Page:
The Montgomery County Council voted unanimously Tuesday to ban indoor dining and limit the number of people inside certain venues, part of an order by the county executive to curb the spread of the novel coronavirus amid a recent surge in cases.
Outdoor dining will still be allowed, but cannot take place between 10 p.m. to 6 a.m. Restaurants and other establishments that sell food can still offer carryout services.
“These are tough decisions, but we have to make them for public safety,” said Councilman Will Jawando (D-At-Large).
As of Tuesday, Montgomery County has 40,062 coronavirus cases, second statewide only to neighboring Prince George’s County, and 990 deaths, according to state health department statistics.
The latest restrictions in Montgomery County, based on an executive order recommended last week from County Executive Marc Elrich, take effect at 5 p.m. Tuesday.
Those restrictions include:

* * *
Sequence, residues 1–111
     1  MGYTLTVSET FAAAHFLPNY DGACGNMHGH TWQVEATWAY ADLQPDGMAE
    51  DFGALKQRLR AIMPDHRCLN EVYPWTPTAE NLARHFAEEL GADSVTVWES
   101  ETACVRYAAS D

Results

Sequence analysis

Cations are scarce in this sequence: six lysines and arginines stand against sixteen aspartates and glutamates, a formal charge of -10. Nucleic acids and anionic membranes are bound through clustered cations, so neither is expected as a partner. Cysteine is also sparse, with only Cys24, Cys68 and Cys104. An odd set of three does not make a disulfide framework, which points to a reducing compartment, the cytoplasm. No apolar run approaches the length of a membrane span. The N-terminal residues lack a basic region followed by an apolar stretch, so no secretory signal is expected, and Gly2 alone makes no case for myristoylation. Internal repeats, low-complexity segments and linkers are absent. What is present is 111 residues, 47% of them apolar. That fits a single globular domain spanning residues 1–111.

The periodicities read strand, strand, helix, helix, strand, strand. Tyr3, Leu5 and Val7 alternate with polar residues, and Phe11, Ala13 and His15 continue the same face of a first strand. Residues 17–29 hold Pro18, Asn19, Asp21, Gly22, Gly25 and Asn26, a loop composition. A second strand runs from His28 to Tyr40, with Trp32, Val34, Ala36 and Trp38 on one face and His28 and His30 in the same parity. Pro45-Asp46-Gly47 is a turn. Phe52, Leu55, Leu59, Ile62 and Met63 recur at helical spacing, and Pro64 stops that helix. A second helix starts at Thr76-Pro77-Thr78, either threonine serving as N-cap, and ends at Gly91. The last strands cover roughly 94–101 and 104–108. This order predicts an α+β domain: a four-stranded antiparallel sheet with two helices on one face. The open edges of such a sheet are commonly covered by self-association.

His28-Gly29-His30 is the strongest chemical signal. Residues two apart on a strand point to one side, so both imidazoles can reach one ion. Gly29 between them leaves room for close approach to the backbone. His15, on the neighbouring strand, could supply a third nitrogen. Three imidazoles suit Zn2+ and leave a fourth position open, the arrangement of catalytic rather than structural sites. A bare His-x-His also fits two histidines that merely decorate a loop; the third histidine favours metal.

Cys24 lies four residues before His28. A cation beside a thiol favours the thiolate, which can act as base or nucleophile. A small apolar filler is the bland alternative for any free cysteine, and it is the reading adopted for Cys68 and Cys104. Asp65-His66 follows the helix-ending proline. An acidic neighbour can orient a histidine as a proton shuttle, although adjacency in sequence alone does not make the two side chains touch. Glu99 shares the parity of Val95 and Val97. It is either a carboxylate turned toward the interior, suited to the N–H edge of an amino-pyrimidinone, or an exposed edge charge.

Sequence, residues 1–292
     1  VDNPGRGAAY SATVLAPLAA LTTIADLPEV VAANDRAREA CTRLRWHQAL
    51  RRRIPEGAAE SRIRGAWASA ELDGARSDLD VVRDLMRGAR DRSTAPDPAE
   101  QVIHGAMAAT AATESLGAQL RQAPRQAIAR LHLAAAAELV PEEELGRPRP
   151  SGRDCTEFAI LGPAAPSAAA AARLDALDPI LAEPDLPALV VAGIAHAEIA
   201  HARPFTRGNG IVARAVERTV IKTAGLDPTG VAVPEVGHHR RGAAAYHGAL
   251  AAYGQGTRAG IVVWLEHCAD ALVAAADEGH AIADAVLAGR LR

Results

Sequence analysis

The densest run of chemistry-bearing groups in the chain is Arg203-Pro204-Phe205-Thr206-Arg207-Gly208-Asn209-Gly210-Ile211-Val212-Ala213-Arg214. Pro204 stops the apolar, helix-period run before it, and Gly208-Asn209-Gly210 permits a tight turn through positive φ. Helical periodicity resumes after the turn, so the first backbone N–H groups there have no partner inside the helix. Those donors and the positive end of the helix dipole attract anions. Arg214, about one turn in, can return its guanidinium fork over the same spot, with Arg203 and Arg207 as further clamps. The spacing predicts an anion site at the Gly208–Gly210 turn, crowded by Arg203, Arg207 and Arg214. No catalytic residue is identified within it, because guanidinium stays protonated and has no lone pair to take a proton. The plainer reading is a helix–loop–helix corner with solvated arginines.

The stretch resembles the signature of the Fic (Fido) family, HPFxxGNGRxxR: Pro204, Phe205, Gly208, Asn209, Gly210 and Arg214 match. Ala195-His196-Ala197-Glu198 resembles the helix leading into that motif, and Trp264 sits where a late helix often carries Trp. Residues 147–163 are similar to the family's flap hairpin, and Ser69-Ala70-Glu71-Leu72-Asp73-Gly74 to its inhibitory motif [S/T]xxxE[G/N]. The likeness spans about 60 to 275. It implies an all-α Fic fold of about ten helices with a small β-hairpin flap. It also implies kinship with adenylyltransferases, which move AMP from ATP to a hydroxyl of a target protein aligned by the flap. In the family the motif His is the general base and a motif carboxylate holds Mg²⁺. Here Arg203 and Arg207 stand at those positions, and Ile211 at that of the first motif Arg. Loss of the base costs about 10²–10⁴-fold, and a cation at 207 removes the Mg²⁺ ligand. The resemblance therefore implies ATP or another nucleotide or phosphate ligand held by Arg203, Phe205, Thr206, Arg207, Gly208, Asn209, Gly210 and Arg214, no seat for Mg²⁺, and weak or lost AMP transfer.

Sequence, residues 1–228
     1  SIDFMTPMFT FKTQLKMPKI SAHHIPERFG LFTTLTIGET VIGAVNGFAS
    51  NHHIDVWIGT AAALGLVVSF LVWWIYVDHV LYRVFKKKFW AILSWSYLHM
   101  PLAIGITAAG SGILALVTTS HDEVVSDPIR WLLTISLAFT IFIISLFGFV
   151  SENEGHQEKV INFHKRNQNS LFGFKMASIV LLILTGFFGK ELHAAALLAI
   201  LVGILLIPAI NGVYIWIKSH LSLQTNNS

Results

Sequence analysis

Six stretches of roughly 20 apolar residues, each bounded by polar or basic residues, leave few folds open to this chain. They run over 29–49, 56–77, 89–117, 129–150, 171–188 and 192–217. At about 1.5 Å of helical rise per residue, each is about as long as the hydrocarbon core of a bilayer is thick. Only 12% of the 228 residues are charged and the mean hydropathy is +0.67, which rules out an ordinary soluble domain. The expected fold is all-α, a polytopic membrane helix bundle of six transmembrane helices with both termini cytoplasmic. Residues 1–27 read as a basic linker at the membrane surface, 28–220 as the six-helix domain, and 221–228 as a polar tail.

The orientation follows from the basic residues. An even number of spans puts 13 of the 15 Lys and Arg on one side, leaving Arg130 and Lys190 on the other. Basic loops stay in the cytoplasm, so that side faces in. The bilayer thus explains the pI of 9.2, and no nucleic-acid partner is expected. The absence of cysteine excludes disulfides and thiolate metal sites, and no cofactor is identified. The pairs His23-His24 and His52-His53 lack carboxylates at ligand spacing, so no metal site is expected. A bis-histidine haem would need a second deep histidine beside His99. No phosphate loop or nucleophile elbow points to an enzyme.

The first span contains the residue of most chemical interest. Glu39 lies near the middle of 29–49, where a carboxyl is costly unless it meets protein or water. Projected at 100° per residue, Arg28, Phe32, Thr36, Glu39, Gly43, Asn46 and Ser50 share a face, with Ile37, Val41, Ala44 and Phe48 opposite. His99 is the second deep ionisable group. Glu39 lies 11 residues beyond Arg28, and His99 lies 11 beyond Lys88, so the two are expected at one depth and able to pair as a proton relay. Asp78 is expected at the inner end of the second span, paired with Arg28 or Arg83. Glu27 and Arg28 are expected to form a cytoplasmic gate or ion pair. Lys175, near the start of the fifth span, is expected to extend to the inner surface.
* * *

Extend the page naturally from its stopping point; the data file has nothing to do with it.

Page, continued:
• Indoor sports gatherings limited to a maximum of 10 people.
• Retail businesses reduced to one person per 200 square feet and not to exceed a maximum of 150 people.
• Churches and other houses of worship remain capped at 25% capacity for indoor service. Religious leaders must request a letter of approval to conduct outdoor services for more than 25 people, down from 150.
Large retail establishments that want to accommodate more than 150 people after Dec. 23 must apply for exemption, including a business plan for monitoring those in the building and provide information on social distancing at the entrance, exit and checkout lines.
Those requests must be submitted by 5 p.m. Monday.
During the council meeting, Del. Eric Luedtke (D-Montgomery Council) released a statement that he plans to introduce proposed emergency state legislation to exempt county restaurants and bars from paying alcohol license fees this year.
Luedtke’s bill also seeks to reduce the fees paid by businesses with licenses to sell alcohol both on- and off-premises by half with the option of the county to retroactively reimburse half of the fees paid for 2020-21.
“Thousands of Montgomery County restaurants and bars, and the workers who staff them, are struggling to make ends meet right now,” he said. “This industry needs our help and reducing alcohol license fees is one small way to help them make it through COVID.”